Solved why do I get a router/access point conflict channel message

January 28, 2020 at 20:51:30
Specs: Windows 10
when i do a network connection check for my Epson printers i get a message that the network is working properly then it states a router/access point channel conflict detected I have 2 Epson printers a xp4100 and a xp400 plus a lexmark 901 pro they are all close to each other none will print now I have tried all the trouble shooters
I think mabe it is because they are to close together I just added the xp4100 and moved them all around any ideas

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January 28, 2020 at 21:21:04
If you have a Wifi router and another wireless access point they need to be set to all details the same except a different channel to prevent conflicts. This may be your issue.

You have to be a little bit crazy to keep you from going insane.

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January 29, 2020 at 01:04:05
✔ Best Answer
More info in another post by Fingers.

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January 29, 2020 at 10:11:35
To a degree echoing comments by fingers in the above linked post...

Give each printer a fixed ip address (assigned in your router); let the router assign the ip address not allow the printers to create/assign their own.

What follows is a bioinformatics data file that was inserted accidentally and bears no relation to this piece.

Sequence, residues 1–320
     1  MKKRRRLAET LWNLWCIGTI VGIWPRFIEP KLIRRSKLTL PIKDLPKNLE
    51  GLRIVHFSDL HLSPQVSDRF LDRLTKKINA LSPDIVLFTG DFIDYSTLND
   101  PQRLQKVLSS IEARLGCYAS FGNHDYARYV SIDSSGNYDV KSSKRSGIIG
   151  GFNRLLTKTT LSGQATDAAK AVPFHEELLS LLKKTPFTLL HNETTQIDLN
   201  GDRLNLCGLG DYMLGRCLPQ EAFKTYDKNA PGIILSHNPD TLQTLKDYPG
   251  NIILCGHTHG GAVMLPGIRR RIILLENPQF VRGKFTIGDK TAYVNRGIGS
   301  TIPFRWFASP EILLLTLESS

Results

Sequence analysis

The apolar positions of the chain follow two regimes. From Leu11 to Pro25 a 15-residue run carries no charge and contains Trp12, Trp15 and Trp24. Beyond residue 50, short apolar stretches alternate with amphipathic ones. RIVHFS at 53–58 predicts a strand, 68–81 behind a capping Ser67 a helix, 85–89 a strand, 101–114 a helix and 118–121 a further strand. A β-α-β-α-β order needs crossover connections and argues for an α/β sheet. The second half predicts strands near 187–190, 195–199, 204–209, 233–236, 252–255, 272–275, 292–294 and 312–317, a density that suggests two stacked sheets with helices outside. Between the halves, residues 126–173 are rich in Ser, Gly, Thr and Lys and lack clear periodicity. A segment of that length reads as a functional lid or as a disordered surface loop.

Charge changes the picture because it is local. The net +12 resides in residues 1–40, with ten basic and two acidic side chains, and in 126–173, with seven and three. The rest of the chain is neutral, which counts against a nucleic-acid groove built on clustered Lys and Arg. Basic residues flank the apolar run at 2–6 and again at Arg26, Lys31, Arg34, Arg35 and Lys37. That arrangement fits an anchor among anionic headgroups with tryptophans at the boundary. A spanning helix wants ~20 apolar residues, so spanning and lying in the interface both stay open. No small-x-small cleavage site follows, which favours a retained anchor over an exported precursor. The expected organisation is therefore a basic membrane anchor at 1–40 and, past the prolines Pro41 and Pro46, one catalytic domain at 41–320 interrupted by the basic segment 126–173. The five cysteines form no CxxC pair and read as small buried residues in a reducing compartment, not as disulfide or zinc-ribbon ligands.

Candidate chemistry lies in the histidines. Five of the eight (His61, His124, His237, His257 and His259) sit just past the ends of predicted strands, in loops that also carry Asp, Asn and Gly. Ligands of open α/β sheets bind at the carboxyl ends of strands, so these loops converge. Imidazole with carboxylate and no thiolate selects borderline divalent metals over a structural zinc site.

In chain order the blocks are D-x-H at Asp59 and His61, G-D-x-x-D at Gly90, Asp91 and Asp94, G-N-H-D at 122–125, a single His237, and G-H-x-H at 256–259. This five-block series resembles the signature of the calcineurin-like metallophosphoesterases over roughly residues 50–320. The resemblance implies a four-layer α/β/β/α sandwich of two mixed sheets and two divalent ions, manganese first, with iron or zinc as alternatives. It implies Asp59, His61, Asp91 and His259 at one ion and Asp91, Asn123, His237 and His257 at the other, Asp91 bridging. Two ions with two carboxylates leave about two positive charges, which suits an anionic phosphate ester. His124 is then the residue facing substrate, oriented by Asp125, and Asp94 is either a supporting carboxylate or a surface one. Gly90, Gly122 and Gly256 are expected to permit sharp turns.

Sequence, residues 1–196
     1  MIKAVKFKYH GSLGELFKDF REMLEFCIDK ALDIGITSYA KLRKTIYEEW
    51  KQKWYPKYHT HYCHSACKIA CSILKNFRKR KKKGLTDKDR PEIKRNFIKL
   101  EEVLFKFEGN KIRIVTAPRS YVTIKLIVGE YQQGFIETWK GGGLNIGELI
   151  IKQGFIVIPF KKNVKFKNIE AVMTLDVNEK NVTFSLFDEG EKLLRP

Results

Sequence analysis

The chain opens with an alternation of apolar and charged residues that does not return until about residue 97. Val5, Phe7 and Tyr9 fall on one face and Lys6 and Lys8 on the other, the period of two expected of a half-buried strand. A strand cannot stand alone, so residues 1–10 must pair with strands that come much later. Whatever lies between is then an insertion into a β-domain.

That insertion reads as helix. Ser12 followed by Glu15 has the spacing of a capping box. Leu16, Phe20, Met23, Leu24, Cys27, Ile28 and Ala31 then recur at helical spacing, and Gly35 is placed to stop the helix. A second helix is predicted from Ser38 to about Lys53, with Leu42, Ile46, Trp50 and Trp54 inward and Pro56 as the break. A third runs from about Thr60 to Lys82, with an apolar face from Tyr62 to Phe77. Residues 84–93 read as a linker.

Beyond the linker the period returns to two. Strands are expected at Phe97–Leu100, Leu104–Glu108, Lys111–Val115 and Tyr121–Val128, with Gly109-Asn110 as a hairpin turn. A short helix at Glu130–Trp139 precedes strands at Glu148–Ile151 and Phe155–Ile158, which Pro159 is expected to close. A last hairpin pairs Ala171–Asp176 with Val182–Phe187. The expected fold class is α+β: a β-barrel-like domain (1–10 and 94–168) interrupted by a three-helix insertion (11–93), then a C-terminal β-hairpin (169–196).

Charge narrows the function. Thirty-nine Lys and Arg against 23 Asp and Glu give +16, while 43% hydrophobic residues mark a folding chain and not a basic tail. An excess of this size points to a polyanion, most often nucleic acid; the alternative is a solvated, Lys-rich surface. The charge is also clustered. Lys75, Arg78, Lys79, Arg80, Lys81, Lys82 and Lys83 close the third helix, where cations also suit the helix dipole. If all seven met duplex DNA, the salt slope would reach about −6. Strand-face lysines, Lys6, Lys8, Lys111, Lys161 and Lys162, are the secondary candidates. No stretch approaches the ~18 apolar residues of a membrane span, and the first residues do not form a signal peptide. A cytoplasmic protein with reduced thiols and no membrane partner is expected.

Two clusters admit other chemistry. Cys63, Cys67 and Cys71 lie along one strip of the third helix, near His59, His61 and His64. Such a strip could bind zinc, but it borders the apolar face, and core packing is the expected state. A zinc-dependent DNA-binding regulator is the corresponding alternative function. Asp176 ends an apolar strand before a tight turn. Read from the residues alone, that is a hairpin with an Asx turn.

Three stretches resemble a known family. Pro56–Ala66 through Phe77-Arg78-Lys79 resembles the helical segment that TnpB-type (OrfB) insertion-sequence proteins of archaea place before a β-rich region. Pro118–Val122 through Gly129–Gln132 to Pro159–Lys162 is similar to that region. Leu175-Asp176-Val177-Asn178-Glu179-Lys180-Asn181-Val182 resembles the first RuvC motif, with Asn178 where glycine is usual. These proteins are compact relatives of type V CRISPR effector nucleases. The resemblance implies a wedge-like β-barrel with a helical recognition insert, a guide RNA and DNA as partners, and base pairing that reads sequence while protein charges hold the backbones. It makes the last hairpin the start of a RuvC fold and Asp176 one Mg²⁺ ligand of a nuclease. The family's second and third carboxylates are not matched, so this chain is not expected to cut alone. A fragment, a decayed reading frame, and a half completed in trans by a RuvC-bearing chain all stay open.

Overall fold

Fixed ip addresses mean they never change, when the router is power cycled or the printers similarly.

How is your wifi extender is connecting to the main router...? It can be via an ethernet cable or wifi receiver/transmitter process (the extender receives the router's wifi signal/data - via wifi - and passes it on/rebroadcasts it - a very slow and not the best approach).

Ideally use ethernet connections to anextender; and that can be via a homeplug system (uses house wiring as the lan architecture/wiring); or run an ethernet cable direct between router and the extender. Some (all?) homeplug systems now offer a wifi plug in module which connects over the homeplug (house wiring) cct. and then radiates as wifi (receive/send). The SSID in either setup is that of the main router.

You can also use an old router to the same end. It can be configured as an extender from the main router. Advantage of that approach is that at the remote point you have four more ethernet ports available...; and likely wifi too? The connection between the two routers is best as ethernet; either direct cable between them, or via homeplug adapters. I have done it both ways and it works fine. You must leave the ethernet connection installed - be it direct cable between main router and remote router or via homeplug; otherwise the system will drop out - especially if relying on the wifi option (from tht remote router) if viable... - and you power cycle the remote router...

What make/model extender do you have?

message edited by trvlr

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